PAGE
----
Updated: May 11
Since last September, I’ve been serving with the Yolo County Resource Conservation District (Yolo RCD), which has a hand in a variety of conservation work, ranging from open space and farm edge restoration to grazing management and fire resilience outreach. I am focused primarily on the restoration side of things, and I’ve enjoyed getting to sample different projects. In the office, I am leading an effort to map the RCD’s 30 years of restoration work and assisting with outreach. In the field, I typically conduct site maintenance, map invasive species, and mentor high schoolers on hedgerow planting days.
A restoration site on Sherman Island in the Sacramento-San Joaquin Delta. Photo Credit: Zach Skalak
Coming into GrizzlyCorps, I knew I wanted to expand my knowledge of native plants and animals. As I began my service year, the RCD was finalizing plant orders to be ready for the planting season approaching later that fall. Slightly daunted by the long species lists, I started to familiarize myself with our nursery and visited several restoration sites, impressed by the RCD staff who were able to quickly identify nearly any plant present and assess their suitability for the site. I began to see how different native species could be used and combined to achieve certain restoration outcomes. At that point, learning the identification of local native plants and animals became a more concrete professional development goal, and one I could pursue by utilizing my GrizzlyCorps training hours.
Picking up a plant order from the USDA Plant Materials Center. Photo Credit: Grace Ferguson
This March, I completed the UC California Naturalist (CalNat) certification program, a 10-week course covering California hydrology, ecology, wildlife, and plant communities. Administered by the UC Cooperative Extension, this course is offered at many nonprofits, conservancies, nature centers, and similar organizations throughout the state. In my case, the program was instructed by staff from Tuleyome, a local nonprofit focused on land stewardship and environmental education. The course consisted of 10 lectures, 3 field trips, and a capstone community service project. In addition, CalNat students keep a field journal to practice species ID and make observations in nature each week.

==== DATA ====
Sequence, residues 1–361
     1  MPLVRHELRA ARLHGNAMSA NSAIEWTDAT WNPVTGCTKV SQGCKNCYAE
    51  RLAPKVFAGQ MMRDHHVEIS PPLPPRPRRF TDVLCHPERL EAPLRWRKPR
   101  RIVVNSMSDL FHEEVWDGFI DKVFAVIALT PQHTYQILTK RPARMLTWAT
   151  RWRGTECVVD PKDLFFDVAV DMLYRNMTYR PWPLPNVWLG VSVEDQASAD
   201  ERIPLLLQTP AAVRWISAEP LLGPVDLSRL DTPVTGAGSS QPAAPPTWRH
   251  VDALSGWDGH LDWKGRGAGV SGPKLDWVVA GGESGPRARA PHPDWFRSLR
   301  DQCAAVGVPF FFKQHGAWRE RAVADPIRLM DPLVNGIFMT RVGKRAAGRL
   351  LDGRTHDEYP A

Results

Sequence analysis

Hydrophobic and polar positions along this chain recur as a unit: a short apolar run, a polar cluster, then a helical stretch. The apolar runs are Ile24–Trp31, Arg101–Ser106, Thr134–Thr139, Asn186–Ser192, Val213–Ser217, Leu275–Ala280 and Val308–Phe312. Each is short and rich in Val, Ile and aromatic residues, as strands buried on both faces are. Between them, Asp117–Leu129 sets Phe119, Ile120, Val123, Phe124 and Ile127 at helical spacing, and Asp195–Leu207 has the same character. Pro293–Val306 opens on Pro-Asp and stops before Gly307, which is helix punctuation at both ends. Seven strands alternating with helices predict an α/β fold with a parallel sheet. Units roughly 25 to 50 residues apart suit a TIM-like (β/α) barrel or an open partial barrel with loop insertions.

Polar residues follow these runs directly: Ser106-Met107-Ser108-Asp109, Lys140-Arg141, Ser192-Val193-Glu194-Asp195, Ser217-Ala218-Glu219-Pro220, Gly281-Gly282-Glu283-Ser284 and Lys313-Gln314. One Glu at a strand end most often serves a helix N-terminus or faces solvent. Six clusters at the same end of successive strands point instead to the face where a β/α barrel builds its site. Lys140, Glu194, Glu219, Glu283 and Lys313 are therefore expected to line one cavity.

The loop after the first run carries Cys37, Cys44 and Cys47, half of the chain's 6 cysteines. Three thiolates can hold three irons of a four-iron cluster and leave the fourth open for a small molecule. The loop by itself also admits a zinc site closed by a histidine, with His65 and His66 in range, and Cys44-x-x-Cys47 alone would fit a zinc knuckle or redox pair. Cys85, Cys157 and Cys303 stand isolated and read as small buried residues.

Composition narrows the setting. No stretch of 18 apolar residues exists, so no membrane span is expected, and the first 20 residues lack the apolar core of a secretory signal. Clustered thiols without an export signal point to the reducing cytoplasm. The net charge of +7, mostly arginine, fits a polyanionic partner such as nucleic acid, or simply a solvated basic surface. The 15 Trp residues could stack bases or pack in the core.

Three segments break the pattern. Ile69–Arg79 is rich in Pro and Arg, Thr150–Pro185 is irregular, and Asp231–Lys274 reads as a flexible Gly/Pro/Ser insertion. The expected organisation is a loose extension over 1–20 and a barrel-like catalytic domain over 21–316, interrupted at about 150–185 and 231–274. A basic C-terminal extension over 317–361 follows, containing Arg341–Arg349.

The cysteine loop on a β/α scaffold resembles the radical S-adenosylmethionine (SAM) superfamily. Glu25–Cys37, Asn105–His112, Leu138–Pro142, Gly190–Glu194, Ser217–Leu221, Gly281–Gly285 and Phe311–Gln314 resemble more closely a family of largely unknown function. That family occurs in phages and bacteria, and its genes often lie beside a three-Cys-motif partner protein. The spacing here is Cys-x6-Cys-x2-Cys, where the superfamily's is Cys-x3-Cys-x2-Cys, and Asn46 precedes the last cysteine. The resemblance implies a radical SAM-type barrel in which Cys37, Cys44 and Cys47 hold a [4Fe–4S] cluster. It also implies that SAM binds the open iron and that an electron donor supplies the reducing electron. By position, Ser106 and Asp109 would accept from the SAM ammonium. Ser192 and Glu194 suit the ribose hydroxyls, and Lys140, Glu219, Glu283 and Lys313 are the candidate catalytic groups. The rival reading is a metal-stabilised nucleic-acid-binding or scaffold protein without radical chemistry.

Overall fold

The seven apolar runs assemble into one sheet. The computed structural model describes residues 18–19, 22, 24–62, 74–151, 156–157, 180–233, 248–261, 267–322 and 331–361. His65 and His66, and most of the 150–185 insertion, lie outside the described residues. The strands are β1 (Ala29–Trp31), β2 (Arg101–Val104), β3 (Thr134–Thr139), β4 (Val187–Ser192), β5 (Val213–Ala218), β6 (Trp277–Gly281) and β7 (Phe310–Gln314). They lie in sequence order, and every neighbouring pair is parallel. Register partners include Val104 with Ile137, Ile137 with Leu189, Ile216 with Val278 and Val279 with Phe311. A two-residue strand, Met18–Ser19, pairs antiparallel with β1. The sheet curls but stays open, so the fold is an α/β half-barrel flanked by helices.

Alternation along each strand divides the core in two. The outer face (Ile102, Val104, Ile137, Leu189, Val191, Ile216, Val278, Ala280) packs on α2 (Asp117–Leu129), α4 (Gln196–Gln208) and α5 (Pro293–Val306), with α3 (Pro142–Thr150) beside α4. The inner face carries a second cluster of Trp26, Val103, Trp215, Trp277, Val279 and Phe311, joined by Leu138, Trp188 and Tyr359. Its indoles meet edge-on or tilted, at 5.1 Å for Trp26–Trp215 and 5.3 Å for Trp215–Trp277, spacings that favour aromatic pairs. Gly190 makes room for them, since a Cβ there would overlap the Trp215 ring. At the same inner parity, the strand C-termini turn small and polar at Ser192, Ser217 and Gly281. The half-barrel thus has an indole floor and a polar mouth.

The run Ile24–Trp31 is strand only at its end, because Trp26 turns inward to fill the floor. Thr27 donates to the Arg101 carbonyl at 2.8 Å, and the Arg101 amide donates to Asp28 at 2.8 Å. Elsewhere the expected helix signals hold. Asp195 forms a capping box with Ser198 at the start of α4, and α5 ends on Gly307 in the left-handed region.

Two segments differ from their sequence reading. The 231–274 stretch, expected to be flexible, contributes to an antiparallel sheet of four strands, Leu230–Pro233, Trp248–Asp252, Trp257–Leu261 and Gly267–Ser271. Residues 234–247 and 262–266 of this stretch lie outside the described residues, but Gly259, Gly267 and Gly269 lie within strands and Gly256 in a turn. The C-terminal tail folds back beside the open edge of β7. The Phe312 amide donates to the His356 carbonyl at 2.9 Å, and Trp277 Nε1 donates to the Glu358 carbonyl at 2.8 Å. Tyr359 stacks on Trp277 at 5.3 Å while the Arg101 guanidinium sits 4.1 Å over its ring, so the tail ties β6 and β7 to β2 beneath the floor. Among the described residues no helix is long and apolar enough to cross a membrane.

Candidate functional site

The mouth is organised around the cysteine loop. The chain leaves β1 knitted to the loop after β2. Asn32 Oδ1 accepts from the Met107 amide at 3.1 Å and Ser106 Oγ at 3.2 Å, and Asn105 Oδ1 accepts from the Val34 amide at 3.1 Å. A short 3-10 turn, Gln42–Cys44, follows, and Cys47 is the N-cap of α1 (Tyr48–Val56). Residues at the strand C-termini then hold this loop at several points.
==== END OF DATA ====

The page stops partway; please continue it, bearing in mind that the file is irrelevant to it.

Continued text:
For me, the best part of the course was the field trips, during which we logged all the species we observed and later depicted in our field journals. The first trip followed a lecture on birds, and we drove north to the Sacramento National Wildlife Refuge to put our newfound birding knowledge to the test. We took another field trip to Lake Solano County Park, focusing on plants, and rounded out the course with a hike in the Capay Valley, where we examined the gradient of habitat types from the valley floor up to the rocky hills at the brink of the Coast Range.
CalNat group photo from the final field trip, hiking into the hills above Guinda in the Capay Valley. Photo credit: Nate Lillge, Tuleyome
Looking back on the course, I realized that my experience with CalNat has been valuable in more ways than I expected. First and foremost, it helped me advance my professional development goals. In school, memorizing species lists often felt tedious and didn’t always translate well to practical field knowledge. For me, the CalNat format was more effective because it reinforced the words on a screen with guided experiential learning, and eventually my own observations. I could then take what I’d learned, apply it to my work, and be enabled to teach others as well. Now I'm a better resource for the students I mentor, and I’m better able to read the landscapes around me.
While it's true that I know more plants, birds, and other animals, I also feel a stronger connection to the lands I live and work on. Course instructor Nate did a good job of both situating the course content within the specific ecological context of the Sacramento Valley and inner Coast Range, and exposing us to the broader conservation community of the region. We heard from several guest speakers, including a land manager at a nearby UC Natural Reserve, a docent at Jepson Prairie, and a rare plant expert from the California Native Plant Society. We also discussed Tuleyome’s work with the establishment of Berryessa Snow Mountain National Monument (BSMNM), and the push for tribal co-management in key areas. This provided me with insight into an array of potential career paths and an intriguing look into the politics of local land management at a larger scale than the restoration projects I see day-to-day.